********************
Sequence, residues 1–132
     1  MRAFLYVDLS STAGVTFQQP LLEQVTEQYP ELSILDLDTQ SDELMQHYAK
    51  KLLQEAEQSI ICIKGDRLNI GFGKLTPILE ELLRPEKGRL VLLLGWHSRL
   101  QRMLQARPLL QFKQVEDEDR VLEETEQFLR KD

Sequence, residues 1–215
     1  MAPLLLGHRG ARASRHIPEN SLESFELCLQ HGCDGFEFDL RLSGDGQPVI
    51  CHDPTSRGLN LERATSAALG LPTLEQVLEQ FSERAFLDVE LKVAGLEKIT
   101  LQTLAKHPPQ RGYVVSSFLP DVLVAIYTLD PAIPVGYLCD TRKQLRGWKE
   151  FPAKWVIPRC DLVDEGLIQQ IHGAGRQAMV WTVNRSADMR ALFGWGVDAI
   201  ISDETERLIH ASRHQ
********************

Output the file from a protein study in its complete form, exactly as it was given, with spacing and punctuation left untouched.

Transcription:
Sequence, residues 1–132
     1  MRAFLYVDLS STAGVTFQQP LLEQVTEQYP ELSILDLDTQ SDELMQHYAK
    51  KLLQEAEQSI ICIKGDRLNI GFGKLTPILE ELLRPEKGRL VLLLGWHSRL
   101  QRMLQARPLL QFKQVEDEDR VLEETEQFLR KD

Sequence, residues 1–215
     1  MAPLLLGHRG ARASRHIPEN SLESFELCLQ HGCDGFEFDL RLSGDGQPVI
    51  CHDPTSRGLN LERATSAALG LPTLEQVLEQ FSERAFLDVE LKVAGLEKIT
   101  LQTLAKHPPQ RGYVVSSFLP DVLVAIYTLD PAIPVGYLCD TRKQLRGWKE
   151  FPAKWVIPRC DLVDEGLIQQ IHGAGRQAMV WTVNRSADMR ALFGWGVDAI
   201  ISDETERLIH ASRHQ